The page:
The bedding under their feet contains the first bacteria chicks are exposed to. For that reason, reusing litter — which contains a mixture of wood shavings, feces, uric acid, feathers, and chicken feed — rather than supplying fresh bedding can help build up the birds’ immune systems.

Joint research between the University of Georgia and the U.S. National Poultry Research Center investigated the role that bacteria play in poultry health and food safety. Beyond improving the immunity in chicks, they found that reused litter may also help prevent the transfer of antibiotic resistance between bacterial species.

Chicks in the study were infected with a strain of salmonella that was not antibiotic resistant. Some of the animals were raised on fresh litter while others were housed on reused litter.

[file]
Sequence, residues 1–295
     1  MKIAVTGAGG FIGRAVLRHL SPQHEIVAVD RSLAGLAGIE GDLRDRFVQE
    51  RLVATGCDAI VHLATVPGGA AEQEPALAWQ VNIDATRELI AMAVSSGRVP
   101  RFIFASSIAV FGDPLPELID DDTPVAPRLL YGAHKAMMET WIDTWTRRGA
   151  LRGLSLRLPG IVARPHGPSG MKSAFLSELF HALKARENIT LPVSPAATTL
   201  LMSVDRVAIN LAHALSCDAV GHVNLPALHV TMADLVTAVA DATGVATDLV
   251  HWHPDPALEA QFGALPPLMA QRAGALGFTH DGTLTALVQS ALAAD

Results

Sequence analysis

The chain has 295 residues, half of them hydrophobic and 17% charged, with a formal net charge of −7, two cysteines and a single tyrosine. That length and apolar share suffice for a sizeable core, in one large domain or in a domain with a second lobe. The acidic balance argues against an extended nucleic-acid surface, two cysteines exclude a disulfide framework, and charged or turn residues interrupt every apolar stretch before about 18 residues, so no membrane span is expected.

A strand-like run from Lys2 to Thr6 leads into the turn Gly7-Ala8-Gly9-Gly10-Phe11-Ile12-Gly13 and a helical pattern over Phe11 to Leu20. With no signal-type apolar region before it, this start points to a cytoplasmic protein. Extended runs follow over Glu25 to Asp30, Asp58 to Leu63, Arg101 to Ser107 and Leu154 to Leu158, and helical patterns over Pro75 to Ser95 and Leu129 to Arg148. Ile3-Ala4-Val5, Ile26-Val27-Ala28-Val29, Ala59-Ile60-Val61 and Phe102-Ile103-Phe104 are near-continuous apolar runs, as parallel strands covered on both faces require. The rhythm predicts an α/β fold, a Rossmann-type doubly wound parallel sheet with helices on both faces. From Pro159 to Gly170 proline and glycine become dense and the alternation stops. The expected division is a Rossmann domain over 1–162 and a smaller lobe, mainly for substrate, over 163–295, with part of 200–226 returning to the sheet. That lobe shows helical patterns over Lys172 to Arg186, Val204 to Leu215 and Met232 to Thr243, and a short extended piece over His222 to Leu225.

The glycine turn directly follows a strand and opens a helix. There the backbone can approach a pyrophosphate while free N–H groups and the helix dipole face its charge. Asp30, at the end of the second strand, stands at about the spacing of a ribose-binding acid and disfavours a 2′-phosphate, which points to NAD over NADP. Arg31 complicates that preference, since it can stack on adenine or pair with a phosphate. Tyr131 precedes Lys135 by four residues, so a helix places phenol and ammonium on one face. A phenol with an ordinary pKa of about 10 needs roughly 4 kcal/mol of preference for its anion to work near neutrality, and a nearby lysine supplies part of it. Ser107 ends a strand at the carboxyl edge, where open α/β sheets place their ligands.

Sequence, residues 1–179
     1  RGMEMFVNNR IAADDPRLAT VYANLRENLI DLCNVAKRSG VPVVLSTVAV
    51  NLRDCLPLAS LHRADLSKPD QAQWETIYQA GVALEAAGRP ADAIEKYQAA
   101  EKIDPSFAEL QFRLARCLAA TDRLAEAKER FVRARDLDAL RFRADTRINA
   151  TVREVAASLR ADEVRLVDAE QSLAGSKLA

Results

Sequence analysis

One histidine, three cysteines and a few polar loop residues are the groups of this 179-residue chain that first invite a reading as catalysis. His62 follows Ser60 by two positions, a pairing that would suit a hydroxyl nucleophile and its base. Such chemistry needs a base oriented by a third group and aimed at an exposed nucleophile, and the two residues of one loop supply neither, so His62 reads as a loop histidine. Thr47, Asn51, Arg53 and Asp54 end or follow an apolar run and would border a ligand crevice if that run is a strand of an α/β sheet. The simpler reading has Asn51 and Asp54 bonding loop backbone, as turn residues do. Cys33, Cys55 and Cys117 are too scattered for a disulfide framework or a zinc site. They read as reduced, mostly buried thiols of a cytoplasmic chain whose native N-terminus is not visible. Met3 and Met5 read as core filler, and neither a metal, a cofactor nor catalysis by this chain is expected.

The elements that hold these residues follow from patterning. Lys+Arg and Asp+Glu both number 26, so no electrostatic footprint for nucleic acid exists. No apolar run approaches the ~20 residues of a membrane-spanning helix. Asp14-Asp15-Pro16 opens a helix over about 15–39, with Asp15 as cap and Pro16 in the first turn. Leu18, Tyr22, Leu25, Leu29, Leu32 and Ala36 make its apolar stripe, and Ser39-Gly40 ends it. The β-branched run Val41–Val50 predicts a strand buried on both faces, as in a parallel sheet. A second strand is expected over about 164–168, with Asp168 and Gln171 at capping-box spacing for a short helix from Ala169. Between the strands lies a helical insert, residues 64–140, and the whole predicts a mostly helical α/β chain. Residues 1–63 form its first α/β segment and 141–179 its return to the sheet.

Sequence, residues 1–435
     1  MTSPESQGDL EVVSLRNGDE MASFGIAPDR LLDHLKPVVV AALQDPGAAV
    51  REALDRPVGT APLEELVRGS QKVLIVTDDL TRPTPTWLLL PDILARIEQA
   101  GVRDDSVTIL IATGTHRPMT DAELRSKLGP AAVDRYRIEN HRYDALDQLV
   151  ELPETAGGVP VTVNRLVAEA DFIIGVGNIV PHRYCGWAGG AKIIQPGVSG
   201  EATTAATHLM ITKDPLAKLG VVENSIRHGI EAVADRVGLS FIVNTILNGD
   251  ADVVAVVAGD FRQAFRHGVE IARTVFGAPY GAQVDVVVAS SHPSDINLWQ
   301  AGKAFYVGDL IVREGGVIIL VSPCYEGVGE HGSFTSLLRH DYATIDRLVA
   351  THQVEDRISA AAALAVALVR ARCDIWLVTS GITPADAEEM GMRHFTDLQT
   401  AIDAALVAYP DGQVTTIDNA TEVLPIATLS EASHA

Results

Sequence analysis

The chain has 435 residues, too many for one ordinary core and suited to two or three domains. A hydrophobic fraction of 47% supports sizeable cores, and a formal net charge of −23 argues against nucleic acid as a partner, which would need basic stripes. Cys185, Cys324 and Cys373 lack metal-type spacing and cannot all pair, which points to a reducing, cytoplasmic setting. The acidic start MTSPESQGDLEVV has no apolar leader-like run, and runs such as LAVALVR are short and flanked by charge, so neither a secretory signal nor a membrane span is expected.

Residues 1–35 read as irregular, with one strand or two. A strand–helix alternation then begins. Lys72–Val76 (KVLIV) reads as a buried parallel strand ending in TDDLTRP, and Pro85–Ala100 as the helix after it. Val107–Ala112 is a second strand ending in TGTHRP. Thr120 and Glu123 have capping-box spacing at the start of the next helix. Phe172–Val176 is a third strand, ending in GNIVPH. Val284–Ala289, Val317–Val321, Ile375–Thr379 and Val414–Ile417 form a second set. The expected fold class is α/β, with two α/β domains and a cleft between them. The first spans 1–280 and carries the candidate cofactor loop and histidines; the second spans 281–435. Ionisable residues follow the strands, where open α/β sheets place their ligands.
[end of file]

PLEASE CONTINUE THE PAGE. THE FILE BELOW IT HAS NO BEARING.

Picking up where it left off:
When the study was completed, chickens raised on reused litter had a lower salmonella positivity rate (66%) compared to the chickens raised on fresh litter (79%). It was also found that some of the chickens raised on fresh litter were infected with a multi-drug resistant strain of salmonella — not the strain used originally to infect the chicks. None of the chickens raised on reused litter were infected with that strain. Further investigation found that this resistance was transferred from E. coli bacteria living within the digestive system.

This study showed the role reused litter can play in both animal health and controlling the spread of antibiotic-resistant foodborne bacteria, the researchers noted. It can also be a cost savings. One negative aspect is that reused litter may cause high ammonia levels to accumulate in broiler houses, which can affect human health. For this reason, some farms change out the litter at least annually.

This article appeared in the February 2023 issue of Journal of Nutrient Management on page 19.

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